Do accountants owe a duty to advise on tax avoidance schemes?
Whilst HMRC is busy clamping down on tax avoidance schemes, the High Court was reported in some circles recently as apparently placing the onus on accountants to advise clients to enter into tax avoidance schemes if such schemes would be beneficial.
In Mehjoo v Harben Barker  EWHC 1500 (QB) Mr Justice Silber heard a long and complex professional negligence claim against the defendant accountants. The Claimant (and the Defendants’ ex-client), Mr Mehjoo, was an Iranian non-domicile. He built up an enormous clothing business in England that he sold in April 2005, as a result of which he was liable for capital gains tax (“CGT”) of around £850,000 on his share of the business. The Claimant accordingly sought the Defendants’ advice on minimising his CGT liability.
On the Defendants’ advice the Claimant invested in a Capital Redemption Plan (“CRP”) operated by a company called Montpellier, which was intended to create a capital loss so as to avoid the CGT for which the Claimant was otherwise liable. However, the CRP scheme failed and the Claimant had to pay tax, interest and a penalty to HMRC. He sought to recover this from the Defendants, together with the costs of investing in the CRP scheme.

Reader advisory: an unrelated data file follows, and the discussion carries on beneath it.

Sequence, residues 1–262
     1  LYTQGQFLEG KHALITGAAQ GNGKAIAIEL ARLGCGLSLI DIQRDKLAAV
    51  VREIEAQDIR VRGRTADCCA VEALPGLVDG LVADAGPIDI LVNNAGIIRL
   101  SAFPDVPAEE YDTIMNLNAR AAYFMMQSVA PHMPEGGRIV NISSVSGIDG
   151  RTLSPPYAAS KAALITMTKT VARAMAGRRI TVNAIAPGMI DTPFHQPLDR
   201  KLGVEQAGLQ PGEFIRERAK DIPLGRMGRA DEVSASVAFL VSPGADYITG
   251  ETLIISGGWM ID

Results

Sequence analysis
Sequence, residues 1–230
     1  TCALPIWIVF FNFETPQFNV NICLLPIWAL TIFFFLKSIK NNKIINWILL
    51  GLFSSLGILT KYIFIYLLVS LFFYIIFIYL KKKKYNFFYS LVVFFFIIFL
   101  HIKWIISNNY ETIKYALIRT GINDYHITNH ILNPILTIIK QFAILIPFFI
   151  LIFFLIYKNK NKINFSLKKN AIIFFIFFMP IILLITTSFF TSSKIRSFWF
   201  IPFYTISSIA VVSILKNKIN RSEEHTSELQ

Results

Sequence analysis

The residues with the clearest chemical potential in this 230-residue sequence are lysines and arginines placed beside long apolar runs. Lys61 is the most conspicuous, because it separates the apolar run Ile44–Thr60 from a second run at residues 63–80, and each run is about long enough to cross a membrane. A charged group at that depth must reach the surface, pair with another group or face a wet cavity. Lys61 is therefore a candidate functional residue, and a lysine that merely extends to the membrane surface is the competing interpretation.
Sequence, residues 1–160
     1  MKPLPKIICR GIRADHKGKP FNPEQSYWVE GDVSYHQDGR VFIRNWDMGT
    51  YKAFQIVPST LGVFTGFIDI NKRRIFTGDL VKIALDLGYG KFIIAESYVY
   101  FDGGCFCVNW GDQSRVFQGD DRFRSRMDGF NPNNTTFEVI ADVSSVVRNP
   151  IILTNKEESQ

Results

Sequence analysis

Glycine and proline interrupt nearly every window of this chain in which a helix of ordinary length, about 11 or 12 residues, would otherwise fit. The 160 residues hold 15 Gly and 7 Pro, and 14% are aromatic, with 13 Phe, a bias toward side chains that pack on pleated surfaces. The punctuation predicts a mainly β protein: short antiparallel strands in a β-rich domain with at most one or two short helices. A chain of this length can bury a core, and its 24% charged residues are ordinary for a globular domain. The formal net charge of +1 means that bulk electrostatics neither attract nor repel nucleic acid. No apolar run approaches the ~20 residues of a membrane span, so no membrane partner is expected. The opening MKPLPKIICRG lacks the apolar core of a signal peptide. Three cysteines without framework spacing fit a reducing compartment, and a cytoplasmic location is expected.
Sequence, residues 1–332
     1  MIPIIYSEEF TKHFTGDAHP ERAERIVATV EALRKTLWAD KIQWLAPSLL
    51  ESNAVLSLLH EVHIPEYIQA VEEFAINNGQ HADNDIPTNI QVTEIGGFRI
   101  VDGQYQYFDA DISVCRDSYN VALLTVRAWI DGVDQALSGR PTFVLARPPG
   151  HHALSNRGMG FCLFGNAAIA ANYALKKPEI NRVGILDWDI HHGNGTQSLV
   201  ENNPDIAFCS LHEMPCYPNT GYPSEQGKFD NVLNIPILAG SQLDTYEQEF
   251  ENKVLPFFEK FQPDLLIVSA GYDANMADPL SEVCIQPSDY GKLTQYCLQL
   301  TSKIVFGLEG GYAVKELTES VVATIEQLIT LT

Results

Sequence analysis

The Claimant alleged that, had he been properly advised by the Defendants then he would have sought expert advice from an adviser who specialised in non-domiciles, who would have advised him to enter into a different tax avoidance scheme available only to non-domiciles using Bearer Warrant Planning (“BWP”), which he would have done and which would have succeeded.
Mr Justice Silber upheld almost every element of the claim. In particular, the Judge held that it was negligent of the Defendants, who were generalist accountants, not to note the Claimant’s non-domicile status and advise him to take specialist advice on the impact of that status in seeking to avoid CGT. The Judge then found, as a matter of fact, that if the Defendants had not been negligent then the Claimant would have taken such specialist advice, which would have been to invest in the BWP, which the Claimant would have done immediately, and which would have been successful.
The Claimant was therefore entitled to recover the CGT that he had paid but would have avoided through the BWP. The Judge also awarded the costs of entering the CRP scheme on the basis that they were a foreseeable loss caused by the Defendants’ negligent advice to enter into that scheme. The Claimant was entitled to interest in addition, albeit that was reduced because he had not mitigated his loss by purchasing appropriate certificates of tax deposit from HMRC that would have stopped interest running.
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